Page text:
CORRECTION: This story originally contained incorrect information about University of Colorado students' drinking habits. CU officials say Assistant Vice Chancellor Donald Misch misspoke when he addressed the City Council about a national survey of student drinking habits. That survey found that 15.6 percent of students drank seven or more drinks the last time they socialized. At CU, that figure is 23 percent, not "twice as high," as Misch told the council. Nationally, 34.1 percent drank five or more drinks in a sitting at least once in the previous two weeks. At CU, it's 47 percent. 


Boulder's land use code and rules for establishments that serve alcohol could have a role to play in reducing drinking among University of Colorado students, City Council members said Tuesday night.

The Boulder City Council heard a presentation from Donald Misch, director of the Wardenburg Health Center at CU and assistant vice chancellor for health and wellness, as well as Linda Cooke, chief judge of the municipal court, which handles underage drinking tickets.

City Councilman Ken Wilson called the presentation "sobering, pun intended" and said it would contribute to a discussion next week about what actions the city should take.

"We are going to be struggling with changing some of our alcohol-related land use codes," he said.

Mayor Matt Appelbaum said a discussion about where and under what conditions Boulder allows alcohol to be served has been in the works for a long time. City Manager Jane Brautigam is looking for feedback from the City Council on what options are worth developing further, he said.


The city could target the density of alcohol establishments. Officials also may reconsider the long-standing practice of exempting University Hill from the ban on liquor establishments within 500 feet of a school.

Any changes would not affect existing businesses, which would be grandfathered in, and any ideas that garner favor with the City Council would go back to the Planning Board and through a public process.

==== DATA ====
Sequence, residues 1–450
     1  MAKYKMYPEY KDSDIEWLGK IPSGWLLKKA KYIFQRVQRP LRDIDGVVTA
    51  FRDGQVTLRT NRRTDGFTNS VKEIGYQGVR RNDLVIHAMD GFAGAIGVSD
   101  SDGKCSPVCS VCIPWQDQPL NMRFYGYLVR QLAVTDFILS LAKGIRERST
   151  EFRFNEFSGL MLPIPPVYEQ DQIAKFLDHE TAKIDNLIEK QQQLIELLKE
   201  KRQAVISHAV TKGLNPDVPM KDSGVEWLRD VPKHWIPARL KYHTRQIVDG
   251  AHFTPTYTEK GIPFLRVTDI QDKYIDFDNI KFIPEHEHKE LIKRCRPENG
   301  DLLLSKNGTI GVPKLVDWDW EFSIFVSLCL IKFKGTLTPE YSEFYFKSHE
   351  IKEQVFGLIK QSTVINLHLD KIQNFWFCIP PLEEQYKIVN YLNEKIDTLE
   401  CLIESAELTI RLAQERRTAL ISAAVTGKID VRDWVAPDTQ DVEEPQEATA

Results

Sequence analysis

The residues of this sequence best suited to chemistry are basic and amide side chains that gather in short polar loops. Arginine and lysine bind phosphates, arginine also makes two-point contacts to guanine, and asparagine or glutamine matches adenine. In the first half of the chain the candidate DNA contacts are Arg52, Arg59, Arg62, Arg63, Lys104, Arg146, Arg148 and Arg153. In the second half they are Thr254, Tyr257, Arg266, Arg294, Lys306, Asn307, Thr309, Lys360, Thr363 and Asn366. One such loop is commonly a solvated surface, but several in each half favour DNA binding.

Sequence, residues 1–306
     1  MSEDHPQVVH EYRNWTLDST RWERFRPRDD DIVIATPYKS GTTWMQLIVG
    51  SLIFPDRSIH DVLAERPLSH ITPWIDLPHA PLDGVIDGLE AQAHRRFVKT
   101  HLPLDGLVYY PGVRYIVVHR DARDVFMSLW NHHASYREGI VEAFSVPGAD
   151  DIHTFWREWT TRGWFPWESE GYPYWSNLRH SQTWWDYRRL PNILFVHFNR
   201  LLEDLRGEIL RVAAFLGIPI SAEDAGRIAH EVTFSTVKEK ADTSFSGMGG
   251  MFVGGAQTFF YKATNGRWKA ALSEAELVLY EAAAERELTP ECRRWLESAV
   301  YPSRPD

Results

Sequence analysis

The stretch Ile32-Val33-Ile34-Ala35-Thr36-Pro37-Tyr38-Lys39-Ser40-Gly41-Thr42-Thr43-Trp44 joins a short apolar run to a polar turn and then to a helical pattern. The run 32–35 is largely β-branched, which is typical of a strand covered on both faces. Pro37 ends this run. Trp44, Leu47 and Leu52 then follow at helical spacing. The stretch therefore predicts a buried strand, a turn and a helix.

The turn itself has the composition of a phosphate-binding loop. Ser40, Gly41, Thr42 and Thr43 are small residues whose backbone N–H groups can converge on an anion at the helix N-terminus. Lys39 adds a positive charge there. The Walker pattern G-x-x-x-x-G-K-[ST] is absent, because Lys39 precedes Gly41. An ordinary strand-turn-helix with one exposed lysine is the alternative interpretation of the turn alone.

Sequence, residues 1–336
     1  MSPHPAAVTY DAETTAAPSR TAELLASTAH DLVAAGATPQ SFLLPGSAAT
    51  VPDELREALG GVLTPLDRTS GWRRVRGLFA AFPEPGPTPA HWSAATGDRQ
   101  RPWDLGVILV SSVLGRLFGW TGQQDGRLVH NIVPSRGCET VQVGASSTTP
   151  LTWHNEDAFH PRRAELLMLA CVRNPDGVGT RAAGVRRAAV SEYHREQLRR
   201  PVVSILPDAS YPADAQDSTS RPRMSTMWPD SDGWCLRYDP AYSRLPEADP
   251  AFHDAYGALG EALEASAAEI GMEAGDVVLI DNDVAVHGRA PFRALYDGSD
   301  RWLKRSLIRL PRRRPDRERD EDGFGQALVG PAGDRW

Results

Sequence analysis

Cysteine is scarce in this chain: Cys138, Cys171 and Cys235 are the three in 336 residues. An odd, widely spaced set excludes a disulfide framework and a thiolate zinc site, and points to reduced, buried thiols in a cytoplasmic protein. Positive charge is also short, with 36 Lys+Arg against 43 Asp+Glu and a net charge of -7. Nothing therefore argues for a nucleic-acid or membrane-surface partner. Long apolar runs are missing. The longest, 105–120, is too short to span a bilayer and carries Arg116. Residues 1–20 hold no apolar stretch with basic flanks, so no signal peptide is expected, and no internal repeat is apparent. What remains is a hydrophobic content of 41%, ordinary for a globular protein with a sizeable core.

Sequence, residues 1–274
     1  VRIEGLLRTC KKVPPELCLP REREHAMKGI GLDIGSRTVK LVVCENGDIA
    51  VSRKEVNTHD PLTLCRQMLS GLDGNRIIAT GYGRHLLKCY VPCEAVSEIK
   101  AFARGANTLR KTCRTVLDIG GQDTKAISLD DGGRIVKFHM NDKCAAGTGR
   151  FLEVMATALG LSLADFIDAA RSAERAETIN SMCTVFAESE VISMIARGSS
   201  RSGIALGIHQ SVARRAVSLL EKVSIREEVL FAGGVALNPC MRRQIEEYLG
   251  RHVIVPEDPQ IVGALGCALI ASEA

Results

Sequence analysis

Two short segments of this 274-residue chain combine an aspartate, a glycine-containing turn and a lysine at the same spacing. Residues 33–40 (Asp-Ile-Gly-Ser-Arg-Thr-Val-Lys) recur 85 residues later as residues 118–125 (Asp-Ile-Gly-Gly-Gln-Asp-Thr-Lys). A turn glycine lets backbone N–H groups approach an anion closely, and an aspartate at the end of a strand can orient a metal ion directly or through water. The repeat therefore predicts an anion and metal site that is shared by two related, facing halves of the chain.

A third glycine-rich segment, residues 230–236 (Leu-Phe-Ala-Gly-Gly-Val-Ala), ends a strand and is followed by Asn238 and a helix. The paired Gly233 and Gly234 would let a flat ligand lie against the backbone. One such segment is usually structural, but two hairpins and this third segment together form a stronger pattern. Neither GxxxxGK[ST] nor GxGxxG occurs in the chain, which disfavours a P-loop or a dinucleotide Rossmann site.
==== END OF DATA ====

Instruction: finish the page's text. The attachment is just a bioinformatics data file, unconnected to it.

Misch said CU students have rates of binge drinking that are higher than the national average. Exactly why is unclear.

CU's reputation as a party school may attract students who want to party, creating a self-reinforcing cycle, he said. On the other hand, middle school and high school students in Colorado drink at higher rates than their counterparts around the country, and those in Boulder County drink more than in other parts of the state.

Cooke said Boulder parents who think they're keeping their kids safe by allowing them to drink at home may be contributing to a culture that encourages underage drinking and drinking to excess.

Misch said alcohol is linked to almost every other risk faced by college students, from academic and legal troubles to accidental death and physical and sexual assault.

"The greatest threat your child faces in college is probably alcohol," he said.

Cooke and Misch said reducing alcohol abuse will require changing the entire culture around alcohol consumption, including excessive drinking by adults.

Educating students about the dangers of alcohol abuse is actually one of the least effective techniques for reducing drinking, Cooke said. Strict enforcement of underage drinking and drunken driving laws is somewhat effective when done in conjunction with other policies.

Cooke said studies in the field of "environmental management" show that the most effective way to reduce drinking is to raise the price of alcohol -- usually through taxes.

"I realize there are a lot of students here with a lot of wealth, but as we've seen with tobacco, there's a tipping point at which people start to drop off," she said.

Boulder also has a lot of establishments that serve alcohol, she said.

"We have a very robust tavern and bar community," Cooke said. "That's a good thing that many of us enjoy, but it also means we have a lot of points of access."

Cooke said studies have found that actions like reducing hours at bars do not lead to an increase in drinking at home.

The City Council members did not get into details about what changes to rules and land use codes they would like to see. They'll take up that discussion next week.

Appelbaum said the information in the presentation would provide important background in next week's discussion.

"This is very, very helpful as we try to sort through this," he said. "Some of the land use issues we'll be dealing with are not trivial."

Misch said there is no one thing that will reduce drinking at CU.

"There's not a magic bullet, but there is a constellation of community actions around hours, enforcement, land use that can have an impact," he said.